ORG Geophysical

Defining identity for Norwegian company specializing in hydrocarbon exploration

2013 Visual Identity

ORG Geophysical is a Norwegian oil service company that specializes in developing methods to find oil. The company’s unique methodology (Induced Polarization technology for hydrocarbon exploration) enables their customers to reduce the margin for error when drilling. ORG Geophysical sends signals to the sea bottom and the analysis of the data received is converted into valuable insights for ORG Geophysical customers.

Inspired by their business practices, Montaag designed an identity that visualizes this method. The idea behind the logo symbol was to visualize the echoing signals with use of the positive and negative space created by the arrows, In addition the drill bit was also a source of inspiration for the symbol. The identity is simple to use and understand for the employees in the company. It imparts symmetry, design and structure.

Modularity for High-End Home Audio


2011 - 2014 User experience / Product design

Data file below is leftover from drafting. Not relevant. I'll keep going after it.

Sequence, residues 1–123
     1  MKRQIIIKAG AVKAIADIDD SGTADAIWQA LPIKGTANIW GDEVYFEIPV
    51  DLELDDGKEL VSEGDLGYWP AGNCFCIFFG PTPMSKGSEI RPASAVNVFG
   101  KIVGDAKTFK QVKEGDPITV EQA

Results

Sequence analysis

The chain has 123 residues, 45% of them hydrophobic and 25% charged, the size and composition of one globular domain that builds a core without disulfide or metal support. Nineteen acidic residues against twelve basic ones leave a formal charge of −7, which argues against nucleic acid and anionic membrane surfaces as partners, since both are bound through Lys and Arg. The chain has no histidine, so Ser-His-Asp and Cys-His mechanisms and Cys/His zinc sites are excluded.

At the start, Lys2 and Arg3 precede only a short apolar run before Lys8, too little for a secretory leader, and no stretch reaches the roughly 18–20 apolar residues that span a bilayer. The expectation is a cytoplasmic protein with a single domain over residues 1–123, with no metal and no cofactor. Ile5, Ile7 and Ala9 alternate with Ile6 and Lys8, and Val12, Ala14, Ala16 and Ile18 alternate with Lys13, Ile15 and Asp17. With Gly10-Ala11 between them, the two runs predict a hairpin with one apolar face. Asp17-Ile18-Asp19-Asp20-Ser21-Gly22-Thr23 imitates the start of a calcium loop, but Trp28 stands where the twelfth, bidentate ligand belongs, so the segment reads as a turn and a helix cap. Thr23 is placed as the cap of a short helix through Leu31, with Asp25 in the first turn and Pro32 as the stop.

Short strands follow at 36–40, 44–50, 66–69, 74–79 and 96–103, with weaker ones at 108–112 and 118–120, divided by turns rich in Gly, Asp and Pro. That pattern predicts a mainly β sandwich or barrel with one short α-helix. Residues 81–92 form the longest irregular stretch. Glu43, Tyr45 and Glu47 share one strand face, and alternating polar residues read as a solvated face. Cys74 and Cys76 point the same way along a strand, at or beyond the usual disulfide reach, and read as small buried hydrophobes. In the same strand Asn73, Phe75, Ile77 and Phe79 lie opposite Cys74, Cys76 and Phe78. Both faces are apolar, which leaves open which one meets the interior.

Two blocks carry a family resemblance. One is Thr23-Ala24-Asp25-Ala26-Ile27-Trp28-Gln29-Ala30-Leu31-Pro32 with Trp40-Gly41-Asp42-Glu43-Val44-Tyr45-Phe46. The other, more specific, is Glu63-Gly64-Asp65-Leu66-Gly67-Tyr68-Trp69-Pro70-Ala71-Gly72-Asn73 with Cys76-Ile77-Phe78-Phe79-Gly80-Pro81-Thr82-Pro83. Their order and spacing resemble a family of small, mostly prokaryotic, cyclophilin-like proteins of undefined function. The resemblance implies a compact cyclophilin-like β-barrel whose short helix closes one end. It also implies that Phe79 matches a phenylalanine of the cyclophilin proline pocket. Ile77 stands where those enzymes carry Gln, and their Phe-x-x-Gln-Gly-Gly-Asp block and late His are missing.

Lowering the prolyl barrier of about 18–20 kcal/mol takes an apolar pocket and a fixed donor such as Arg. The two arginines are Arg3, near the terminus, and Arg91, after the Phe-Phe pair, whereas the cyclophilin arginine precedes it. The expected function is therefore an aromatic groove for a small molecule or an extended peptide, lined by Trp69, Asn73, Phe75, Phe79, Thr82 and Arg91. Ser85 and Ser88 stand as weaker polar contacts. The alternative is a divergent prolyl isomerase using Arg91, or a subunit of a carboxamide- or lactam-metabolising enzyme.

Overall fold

Norway’s Electrocompaniet is a long-revered manufacturer of high-end sound equipment for recording studios—even receiving a “special thank you” from Michael Jackson in the liner notes of his HisStory album.

The EC Living marks the company’s foray into the home audio market. It’s a modular audio system of compact high-end, wireless speakers that can live on the kitchen counter, in the living room, bedroom, etc. Engineered to allow for building or changing the system as desired, one can easily supplement with additional speaker units as part of a larger house system, or to simply provide more sound in a given room.

Electrocompaniet turned to Montaag to translate the company’s elevated and exacting audio standards into the design of The EC Living experience. The results of our collaboration extend to not only to the components’ polished but understated form and materials—copper, black aluminum, natural aluminum, wood and a select palette of colored plastics—but to the experience design of the system’s controlling interface.  

With modularity as the project’s primary design focus, and the company’s Scandinavian heritage providing an influential filter, Montaag helped create a home audio system that seamlessly and elegantly integrates into any room in the house, and is both intuitive and enjoyable to use.



Amplifying children's voices in society

2013 Visual Identity / Web design / Package design / Print design / Book design